IMF Strengthening Framework for Exchange Rate Surveillance

Press Release No. 06/266
November 29, 2006

The International Monetary Fund (IMF) is releasing today the staff report on the revised and extended methodologies for exchange rate assessments by the IMF's Consultative Group on Exchange Rate Issues (CGER)1. The IMF Executive Board recently discussed the report in an informal Board seminar. The report is part of a broader effort to extend and deepen the IMF's framework for assessing exchange rate issues in line with its ongoing work to strengthen Fund surveillance of the global economic and financial system.

The methodologies for assessing exchange rates have been applied beyond advanced countries to cover about 20 emerging market countries using a variety of approaches.2 The three complementary methodologies presented in the staff report provide a multilateral approach to help gauge the consistency of current account balances and real effective exchange rates with their underlying fundamentals. Combined with additional country-specific information, the methodologies help IMF staff reach informed judgments about medium-term real exchange rates and current account balances, weighing the relative importance of a number of economic factors affecting these key variables. The three methodologies are as follows:

• The macroeconomic balance approach-a pillar of current account and exchange rate assessments for a number of years-calculates the difference between the current account balance projected over the medium term at prevailing exchange rates and an estimated equilibrium current account balance.

• The reduced-form equilibrium real exchange rate approach estimates directly an equilibrium real exchange rate for each country as a function of medium-term fundamentals such as the net foreign asset position of the country, productivity growth in the tradables and nontradables sectors, and the terms of trade.

• The external sustainability approach calculates the difference between the actual current account balance and the balance that would stabilize the net foreign asset position of the country at some benchmark level.

Exchange Rate Assessments in Country Surveillance

The IMF is also continuing to strengthen surveillance of exchange rate issues in bilateral consultations with member countries. A recent review concluded that for 30 large economies accounting for more than 90 percent of world GDP, significant progress has been made in the way the IMF is covering exchange rate issues. As summarized in a Public Information Notice, the review concluded that almost all recent Article IV reports in the sample provide: an accurate description of the de facto exchange rate regime; an assessment of its adequacy, given the specific feature of the relevant economy; an analysis of the consistency between exchange rate and other policies and external stability; and an assessment of exchange rate misalignments. Views on misalignments were often expressed in qualitative terms, but in many cases quantitative estimates-typically in the form of ranges-were also included. However, there is room for further improvement: in a number of cases, staff reports could have provided a richer analytical discussion of the factors considered by staff to reach conclusions about exchange rate misalignments. In this respect, the work of the Consultative Group will provide stronger analytical bases for the exchange rate analysis in the context of Article IV surveillance. Most Article IV papers covered by this review were also published.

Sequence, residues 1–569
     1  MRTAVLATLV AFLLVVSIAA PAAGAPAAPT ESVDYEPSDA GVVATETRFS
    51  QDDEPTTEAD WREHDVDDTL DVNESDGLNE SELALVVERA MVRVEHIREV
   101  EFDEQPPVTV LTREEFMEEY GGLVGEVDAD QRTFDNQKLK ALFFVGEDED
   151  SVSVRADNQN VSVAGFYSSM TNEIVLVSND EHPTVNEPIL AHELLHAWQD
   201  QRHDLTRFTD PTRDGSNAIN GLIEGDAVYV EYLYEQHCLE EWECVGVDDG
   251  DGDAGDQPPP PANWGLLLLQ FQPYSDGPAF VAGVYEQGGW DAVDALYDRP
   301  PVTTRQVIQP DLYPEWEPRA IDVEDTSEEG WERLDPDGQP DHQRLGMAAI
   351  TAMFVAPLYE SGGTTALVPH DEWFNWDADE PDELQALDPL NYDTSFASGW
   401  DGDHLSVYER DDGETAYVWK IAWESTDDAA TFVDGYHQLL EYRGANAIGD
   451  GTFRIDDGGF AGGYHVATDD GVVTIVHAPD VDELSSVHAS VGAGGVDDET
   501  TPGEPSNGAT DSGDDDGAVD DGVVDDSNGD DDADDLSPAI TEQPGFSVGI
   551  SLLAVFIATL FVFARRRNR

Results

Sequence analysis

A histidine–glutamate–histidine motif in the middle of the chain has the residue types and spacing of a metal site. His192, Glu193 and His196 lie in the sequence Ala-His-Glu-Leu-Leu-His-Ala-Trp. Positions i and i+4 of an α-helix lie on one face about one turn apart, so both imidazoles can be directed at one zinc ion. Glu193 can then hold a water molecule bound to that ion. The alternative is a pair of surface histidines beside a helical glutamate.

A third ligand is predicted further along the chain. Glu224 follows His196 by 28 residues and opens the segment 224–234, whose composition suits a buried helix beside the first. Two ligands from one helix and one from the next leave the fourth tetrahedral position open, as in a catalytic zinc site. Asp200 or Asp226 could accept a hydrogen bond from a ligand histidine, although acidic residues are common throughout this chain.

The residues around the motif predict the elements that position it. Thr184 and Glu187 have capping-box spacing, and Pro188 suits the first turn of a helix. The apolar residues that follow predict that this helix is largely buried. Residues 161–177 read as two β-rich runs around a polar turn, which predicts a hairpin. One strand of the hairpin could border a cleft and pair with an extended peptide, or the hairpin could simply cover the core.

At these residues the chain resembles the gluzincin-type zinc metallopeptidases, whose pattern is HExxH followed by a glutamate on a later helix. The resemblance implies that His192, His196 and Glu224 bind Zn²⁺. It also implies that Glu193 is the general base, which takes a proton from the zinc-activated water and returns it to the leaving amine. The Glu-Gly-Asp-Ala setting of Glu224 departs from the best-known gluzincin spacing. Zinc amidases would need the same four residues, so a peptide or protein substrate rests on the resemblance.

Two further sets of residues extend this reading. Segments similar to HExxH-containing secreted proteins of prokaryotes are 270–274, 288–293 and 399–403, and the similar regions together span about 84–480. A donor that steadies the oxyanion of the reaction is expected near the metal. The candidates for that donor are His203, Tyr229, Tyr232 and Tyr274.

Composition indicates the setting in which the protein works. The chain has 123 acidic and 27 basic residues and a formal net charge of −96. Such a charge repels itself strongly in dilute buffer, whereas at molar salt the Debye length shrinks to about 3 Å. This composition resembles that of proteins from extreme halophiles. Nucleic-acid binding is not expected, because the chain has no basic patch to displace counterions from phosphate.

Exchange Arrangement Reports

Further, the IMF is continually strengthening the process of reviewing developments and issues related to exchange arrangements, restrictions, and markets and issuing periodic reviews on the trends and developments. This includes the Annual Report on Exchange Rate Arrangements and Restrictions, which provides a description of the foreign exchange arrangements, exchange and trade restrictions, and relevant prudential measures of individual IMF member countries. The recently released 2006 Annual Report incorporates changes in structure and content aimed at providing a more accurate and updated description of the regulatory framework for current and capital account transactions.

Review of Keystone Surveillance Decision

To ensure that the foundations of IMF surveillance are clear and relevant to today's international monetary system, the IMF is reviewing the 1977 Decision on Surveillance over Exchange Rate Policies, which was drafted in the wake of the collapse of the Bretton Woods system of fixed exchange rate parities.


1 The CGER has provided exchange rate assessments for a number of advanced economies since the mid-1990s.

2 Original CGER countries in the extended sample: Australia, Canada, Japan, Sweden, Switzerland, United Kingdom, United States, euro area.


Emerging market countries: Argentina, Brazil, Chile, China, Colombia, Czech Republic, Hungary, India, Indonesia, Israel, Korea, Malaysia, Mexico, Pakistan, Poland, Russia, South Africa, Thailand, and Turkey.



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